If you begin to look at AEs, there were 2 big categories that came up. One was ocular toxicity, which can be managed with dose modifications and adjustments. The second was hematologic toxicity, which was not unexpected, given that it's an ADC. The hematologic toxicity is easily manageable by most hematologists and belantamab mafodotin hopefully will be a very active drug for us. The ability to combine belantamab mafodotin with other drugs is what we're looking at in current trials.

You want to partner with an ophthalmologist who can give you some early clues as to what's going on in the cornea, and then make decisions based on symptoms and AEs—regarding whether you want to hold the dose, give the dose, make dose adjustments, or dose modifications. Those are probably the biggest issues. Much of the other toxicity is infusion related, which is standard for most of us in hematology. There is also thrombocytopenia or hematologic toxicity, which most of us are used to dealing with in this disease.

If belantamab mafodotin receives FDA approval, what impact will it have on the myeloma landscape?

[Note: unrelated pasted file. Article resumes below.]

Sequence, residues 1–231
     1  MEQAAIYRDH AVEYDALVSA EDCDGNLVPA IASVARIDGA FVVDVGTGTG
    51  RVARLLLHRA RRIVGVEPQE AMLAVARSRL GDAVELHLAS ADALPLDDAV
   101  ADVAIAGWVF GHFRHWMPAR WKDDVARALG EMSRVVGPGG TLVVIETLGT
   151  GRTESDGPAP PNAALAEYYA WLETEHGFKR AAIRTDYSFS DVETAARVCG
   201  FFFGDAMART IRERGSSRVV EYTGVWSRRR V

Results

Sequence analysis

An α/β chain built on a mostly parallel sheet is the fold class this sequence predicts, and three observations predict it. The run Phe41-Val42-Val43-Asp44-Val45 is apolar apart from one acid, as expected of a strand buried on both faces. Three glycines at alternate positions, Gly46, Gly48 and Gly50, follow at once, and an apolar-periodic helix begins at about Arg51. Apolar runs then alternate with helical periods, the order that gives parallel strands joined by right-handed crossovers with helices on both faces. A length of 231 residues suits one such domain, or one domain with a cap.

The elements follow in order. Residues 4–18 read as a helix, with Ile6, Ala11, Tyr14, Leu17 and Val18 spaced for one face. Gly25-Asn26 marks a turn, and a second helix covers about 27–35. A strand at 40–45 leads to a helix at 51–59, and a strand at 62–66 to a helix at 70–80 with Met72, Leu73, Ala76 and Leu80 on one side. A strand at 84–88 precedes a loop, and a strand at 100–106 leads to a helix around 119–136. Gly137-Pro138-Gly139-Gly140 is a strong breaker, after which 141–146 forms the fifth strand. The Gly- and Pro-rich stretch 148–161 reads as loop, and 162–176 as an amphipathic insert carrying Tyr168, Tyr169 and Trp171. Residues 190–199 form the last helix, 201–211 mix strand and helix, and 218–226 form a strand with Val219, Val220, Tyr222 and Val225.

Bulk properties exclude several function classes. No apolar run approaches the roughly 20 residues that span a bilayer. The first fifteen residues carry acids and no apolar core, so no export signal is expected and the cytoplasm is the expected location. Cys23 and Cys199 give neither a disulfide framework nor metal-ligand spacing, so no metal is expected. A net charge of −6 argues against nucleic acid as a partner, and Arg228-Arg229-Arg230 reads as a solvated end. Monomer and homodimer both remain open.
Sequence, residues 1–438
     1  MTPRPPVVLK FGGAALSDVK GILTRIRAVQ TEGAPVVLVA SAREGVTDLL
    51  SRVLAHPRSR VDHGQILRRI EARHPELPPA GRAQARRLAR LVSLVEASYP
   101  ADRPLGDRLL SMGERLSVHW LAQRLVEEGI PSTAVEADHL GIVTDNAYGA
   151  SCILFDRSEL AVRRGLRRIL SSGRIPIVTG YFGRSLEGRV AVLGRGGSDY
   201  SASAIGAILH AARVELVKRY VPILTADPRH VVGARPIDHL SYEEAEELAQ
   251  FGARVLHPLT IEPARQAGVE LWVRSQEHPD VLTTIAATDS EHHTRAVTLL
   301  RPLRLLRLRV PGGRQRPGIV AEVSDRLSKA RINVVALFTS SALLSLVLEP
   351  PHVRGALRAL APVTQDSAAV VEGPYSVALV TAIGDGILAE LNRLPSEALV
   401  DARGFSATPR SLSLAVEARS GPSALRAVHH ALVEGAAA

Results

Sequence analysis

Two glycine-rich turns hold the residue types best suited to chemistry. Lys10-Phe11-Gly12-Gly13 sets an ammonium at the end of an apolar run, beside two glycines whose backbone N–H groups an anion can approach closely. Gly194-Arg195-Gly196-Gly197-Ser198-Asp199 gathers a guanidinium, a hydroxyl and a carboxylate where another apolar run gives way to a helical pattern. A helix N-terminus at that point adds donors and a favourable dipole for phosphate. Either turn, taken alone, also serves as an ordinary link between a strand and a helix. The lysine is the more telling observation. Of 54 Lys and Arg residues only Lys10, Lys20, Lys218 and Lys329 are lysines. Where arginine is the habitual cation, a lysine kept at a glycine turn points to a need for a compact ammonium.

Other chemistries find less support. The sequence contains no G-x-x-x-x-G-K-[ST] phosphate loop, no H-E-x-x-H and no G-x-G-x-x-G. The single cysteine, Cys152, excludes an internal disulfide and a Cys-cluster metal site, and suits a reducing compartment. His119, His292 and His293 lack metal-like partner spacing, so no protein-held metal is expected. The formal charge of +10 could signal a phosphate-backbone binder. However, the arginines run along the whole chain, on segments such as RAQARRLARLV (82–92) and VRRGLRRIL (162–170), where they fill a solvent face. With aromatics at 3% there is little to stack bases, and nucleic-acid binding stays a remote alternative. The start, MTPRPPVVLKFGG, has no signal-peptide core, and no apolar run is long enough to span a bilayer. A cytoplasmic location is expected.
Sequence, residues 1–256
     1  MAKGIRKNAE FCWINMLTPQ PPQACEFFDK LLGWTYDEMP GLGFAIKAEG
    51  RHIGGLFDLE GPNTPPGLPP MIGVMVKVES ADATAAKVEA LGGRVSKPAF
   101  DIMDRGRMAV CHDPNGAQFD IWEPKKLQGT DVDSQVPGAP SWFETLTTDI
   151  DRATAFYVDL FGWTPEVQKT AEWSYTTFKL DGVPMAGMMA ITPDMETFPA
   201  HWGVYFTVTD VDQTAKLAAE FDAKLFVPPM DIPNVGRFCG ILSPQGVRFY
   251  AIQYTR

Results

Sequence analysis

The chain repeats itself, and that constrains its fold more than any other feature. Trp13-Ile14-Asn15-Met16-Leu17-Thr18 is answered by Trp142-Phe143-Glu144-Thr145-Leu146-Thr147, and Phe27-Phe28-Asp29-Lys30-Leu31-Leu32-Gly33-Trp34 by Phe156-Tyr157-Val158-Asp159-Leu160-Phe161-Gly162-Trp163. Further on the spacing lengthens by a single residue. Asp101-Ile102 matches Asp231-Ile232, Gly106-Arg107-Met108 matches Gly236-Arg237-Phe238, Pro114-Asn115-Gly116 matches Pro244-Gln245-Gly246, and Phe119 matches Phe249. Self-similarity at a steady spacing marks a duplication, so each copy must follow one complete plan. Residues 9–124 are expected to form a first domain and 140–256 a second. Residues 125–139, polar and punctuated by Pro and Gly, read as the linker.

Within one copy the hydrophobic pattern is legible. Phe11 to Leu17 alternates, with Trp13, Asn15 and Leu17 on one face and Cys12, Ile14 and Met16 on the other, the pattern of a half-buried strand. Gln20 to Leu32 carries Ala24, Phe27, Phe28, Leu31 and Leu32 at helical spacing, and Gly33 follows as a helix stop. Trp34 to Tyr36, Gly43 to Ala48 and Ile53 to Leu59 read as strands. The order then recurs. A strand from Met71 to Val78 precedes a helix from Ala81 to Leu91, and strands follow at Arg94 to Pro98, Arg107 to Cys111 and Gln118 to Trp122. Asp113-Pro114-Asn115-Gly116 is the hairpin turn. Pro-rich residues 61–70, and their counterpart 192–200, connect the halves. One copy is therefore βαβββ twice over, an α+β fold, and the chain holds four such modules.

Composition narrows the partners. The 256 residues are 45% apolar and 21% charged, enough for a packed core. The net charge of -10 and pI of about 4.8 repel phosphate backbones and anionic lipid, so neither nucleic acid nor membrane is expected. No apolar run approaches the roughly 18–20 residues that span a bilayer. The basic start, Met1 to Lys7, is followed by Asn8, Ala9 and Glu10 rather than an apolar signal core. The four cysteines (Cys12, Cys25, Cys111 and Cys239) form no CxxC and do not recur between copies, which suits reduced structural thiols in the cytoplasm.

As good as we've gotten in myeloma, unfortunately, there still are a lot of patients who run out of available treatment options. Having something for those heavily relapsed and refractory patients will be a huge step forward.

What are the next steps of this research with belantamab mafodotin?

Beyond FDA approval, the next steps include combining belantamab mafodotin with standard drugs, such as bortezomib (Velcade), lenalidomide (Revlimid), pomalidomide (Pomalyst), and carfilzomib (Kyprolis). There are also other studies combining belantamab mafodotin with checkpoint inhibitors to see whether or not you can take that immunogenic cell death and use that to spur on an immune response that may last longer than the time that you're giving the drug. That is an exciting concept if we can prove that it works.


  1. Trudel S, Lendvai N, Popat R, et al. Antibody—drug conjugate, GSK2857916, in relapsed/refractory multiple myeloma: an update on safety and efficacy from dose expansion phase I study. Blood Cancer J. 2019;9(37). doi: 10.1038/s41408-019-0196-6
  2. Lonial S, Lee HC, Badros A, et al. Belantamab mafodotin for relapsed or refractory multiple myeloma (DREAMM-2): a two-arm, randomised, open-label, phase 2 study. Lancet Oncol. 2020;21(2):207-221. doi: 10.1016/S1470-2045(19)30788-0